Pharmacies have become essential to a modern, healthy life, but it’s hard to say who the definitive category leader is. CVS has led the news cycle thanks to ongoing conversations regarding its potential acquisition of healthcare leader Aetna; meanwhile Rite Aid’s own deal with Albertson’s fell flat (although anyone who stops in to receive a flu shot will leave with free ice cream). To understand where consumers are shopping for everything from shampoo to soap, we conducted a study that tracked foot traffic patterns at CVS, Duane Reade, Rite Aid, and Walgreens locations across the country over a two-week period.
During the morning hours of 7am – 10am, CVS– –had a solid lead in foot traffic, which was 117% higher in total than Rite Aid. Walgreens dominated the evening hours (between 6pm – 9pm), nearly doubling its AM foot traffic and generating almost as much additional traffic over Rite Aid as CVS.
Interestingly enough, Duane Reade was the only location surveyed with higher foot traffic in the morning than the evening, and actually generated the highest unique traffic when broken down by individual store. CVS and Walgreens came in second and third respectively, and Rite Aid again lagged behind in last place.
Our study also found that stores were the most crowded midday (maybe people on their lunch breaks) on Monday, Tuesday and Thursday. Shoppers looking to swing by any of these locations may want to do so outside of the hours of noon – 5pm, when peak foot traffic begins to decline. Advertisers should consider serving ads to people who work nearby weekday mornings before the midday rush. Wednesday was the least-visited day of the week across all stores, with Sunday a close second. Although foot traffic during the early morning hours of 2am-5am falls to only a quarter of peak foot traffic, it’s still a healthy number that speaks to the appeal of a 24-hour drugstore, especially in bustling commuter cities like NYC and LA where last-minute purchases are all too common.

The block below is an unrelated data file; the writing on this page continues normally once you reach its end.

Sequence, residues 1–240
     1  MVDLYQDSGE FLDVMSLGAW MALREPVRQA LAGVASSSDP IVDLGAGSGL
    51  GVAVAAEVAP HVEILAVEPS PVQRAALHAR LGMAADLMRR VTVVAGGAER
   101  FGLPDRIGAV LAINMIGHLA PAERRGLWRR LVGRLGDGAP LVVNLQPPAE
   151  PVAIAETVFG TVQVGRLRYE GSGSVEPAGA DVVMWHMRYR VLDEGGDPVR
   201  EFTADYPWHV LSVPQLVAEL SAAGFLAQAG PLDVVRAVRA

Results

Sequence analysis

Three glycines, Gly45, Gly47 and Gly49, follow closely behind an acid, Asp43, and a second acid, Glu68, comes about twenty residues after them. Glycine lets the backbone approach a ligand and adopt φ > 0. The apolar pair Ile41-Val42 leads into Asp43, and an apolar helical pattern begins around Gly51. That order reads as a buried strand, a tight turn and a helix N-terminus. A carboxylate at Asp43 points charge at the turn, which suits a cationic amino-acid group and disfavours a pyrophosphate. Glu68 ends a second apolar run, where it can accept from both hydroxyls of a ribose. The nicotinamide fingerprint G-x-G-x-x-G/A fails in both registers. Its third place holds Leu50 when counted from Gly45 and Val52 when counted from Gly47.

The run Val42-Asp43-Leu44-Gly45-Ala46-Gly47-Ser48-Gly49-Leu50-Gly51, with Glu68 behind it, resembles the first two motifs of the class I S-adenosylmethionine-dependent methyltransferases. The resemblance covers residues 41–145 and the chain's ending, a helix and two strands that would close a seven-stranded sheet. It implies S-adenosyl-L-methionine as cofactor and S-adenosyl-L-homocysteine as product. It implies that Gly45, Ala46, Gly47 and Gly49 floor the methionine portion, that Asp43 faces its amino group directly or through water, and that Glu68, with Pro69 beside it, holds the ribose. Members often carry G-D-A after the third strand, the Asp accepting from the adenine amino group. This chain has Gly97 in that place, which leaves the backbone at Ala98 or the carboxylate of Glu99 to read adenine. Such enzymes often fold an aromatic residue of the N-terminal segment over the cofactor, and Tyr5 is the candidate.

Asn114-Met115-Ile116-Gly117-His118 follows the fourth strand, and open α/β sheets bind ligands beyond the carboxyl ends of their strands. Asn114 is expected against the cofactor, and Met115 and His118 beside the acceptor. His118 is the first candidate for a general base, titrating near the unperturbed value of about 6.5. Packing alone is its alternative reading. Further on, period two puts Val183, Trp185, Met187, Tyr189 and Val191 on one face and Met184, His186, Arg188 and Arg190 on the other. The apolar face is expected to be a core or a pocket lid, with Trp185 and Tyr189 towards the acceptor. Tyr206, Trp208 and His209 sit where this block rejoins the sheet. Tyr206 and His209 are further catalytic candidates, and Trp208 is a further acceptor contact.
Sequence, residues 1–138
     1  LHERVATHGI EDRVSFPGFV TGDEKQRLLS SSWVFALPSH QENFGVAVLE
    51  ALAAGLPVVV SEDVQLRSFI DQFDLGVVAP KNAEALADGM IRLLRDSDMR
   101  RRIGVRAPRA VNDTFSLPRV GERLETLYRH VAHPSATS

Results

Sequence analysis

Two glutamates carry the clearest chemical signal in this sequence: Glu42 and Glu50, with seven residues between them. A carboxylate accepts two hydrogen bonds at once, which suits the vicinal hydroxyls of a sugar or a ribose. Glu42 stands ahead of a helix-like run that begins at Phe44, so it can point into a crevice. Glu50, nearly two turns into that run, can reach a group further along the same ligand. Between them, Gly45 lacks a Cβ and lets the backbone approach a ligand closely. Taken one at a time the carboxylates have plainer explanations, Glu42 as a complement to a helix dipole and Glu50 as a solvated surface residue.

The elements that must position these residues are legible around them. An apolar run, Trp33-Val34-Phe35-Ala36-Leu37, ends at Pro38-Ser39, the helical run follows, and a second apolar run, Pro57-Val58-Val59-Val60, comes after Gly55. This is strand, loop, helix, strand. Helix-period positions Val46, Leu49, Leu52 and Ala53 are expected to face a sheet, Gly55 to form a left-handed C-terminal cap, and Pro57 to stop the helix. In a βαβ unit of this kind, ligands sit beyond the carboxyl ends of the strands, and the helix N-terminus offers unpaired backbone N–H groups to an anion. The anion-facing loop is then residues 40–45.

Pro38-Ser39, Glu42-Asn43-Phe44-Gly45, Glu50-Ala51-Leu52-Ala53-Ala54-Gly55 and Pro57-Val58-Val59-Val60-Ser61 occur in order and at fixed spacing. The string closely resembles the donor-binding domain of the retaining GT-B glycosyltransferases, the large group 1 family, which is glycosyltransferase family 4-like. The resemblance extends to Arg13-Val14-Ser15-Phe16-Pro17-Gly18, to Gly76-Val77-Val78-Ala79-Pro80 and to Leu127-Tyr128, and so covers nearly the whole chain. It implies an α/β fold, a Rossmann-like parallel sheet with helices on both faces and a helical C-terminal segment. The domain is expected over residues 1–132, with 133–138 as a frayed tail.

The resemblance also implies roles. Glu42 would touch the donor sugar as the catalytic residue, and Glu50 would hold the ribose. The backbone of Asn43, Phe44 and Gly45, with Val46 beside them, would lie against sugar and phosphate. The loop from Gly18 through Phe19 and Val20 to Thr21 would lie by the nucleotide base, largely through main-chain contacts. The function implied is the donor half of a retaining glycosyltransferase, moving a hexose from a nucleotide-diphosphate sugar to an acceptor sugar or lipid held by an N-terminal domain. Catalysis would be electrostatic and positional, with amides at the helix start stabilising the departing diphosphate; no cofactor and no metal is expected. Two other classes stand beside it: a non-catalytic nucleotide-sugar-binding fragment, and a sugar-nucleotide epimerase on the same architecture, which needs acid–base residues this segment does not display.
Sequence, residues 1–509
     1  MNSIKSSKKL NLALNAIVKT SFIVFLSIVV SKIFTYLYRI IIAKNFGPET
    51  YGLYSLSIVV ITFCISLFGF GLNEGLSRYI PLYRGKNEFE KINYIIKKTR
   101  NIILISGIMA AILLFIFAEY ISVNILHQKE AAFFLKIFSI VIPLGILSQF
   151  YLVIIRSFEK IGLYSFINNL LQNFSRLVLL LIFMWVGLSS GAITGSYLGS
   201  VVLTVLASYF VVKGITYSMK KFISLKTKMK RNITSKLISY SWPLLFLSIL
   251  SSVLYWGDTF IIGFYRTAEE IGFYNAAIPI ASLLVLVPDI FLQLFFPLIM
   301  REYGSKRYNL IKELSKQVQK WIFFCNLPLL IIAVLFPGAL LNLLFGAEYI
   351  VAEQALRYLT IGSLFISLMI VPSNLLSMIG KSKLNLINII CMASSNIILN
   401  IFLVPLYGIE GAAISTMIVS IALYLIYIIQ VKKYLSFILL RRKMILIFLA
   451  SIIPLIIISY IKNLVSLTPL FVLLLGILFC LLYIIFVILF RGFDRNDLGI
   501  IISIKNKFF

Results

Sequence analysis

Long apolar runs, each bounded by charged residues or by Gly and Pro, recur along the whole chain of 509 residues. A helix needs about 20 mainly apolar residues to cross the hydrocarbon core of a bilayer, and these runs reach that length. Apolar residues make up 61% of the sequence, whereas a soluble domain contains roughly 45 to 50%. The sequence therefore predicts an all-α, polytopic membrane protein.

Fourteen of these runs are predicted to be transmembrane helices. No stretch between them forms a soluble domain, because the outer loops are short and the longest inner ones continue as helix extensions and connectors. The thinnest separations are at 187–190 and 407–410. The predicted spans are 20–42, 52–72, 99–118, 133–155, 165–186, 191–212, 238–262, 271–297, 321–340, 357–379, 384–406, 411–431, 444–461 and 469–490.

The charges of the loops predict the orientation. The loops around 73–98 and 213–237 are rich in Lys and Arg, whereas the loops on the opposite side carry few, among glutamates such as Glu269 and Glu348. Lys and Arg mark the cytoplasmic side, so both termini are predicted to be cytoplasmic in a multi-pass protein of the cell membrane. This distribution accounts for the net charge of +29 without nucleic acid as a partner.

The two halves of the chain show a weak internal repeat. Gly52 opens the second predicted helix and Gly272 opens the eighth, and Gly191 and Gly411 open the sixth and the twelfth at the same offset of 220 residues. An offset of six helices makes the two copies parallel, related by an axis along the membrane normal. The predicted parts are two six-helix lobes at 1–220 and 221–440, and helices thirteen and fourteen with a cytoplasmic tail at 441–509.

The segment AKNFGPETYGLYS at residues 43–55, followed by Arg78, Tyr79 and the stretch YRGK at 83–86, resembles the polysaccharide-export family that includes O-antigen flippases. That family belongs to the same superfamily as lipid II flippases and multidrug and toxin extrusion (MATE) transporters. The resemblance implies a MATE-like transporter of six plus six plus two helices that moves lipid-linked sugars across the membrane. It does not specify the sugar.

One of the most interesting data points from our research is that across all locations, weather forecasting apps such as The Weather Channel were among the most popular apps used while shoppers were in-store- the Kika Emoji Keyboard came in at #2. These apps were used mainly on Android devices, which are more popular than iOS devices in drugstores. This can be frustrating for retailers that expend a large amount of resources to keep customers engaged with their products while in store, but it can also help identify pain points that retailers can work around. Instead of having large product displays at the checkout line that customers are not paying attention to, retailers should consider improving functionality of their proprietary mobile apps and encourage customers to engage with it while in-store by offering coupons or app-only exclusives. Retailers can also go with the grain by leaning into their customers interest of the weather forecast, and increase targeted advertising tied to products like umbrellas, bug spray or sunscreen to complement an already identified interest.
The next time you’re thinking of cutting your lunch break short for a store run, remember it’s best to go before or after work, where there won’t be nearly as many people (unless your local drugstore is Duane Reade!). It’s also not a bad idea to go on the weekends, where the foot traffic isn’t nearly as high.
For retailers, these periods are where more resources should be diverted to if you’re looking to ensure that sales stay consistent across the board. Using data-backed location insights, CPG and other brand marketers can get a better understanding as to when their customers will be the most receptive to ads, and hopefully keep them in the drugstore for more than just picking up cough medicine.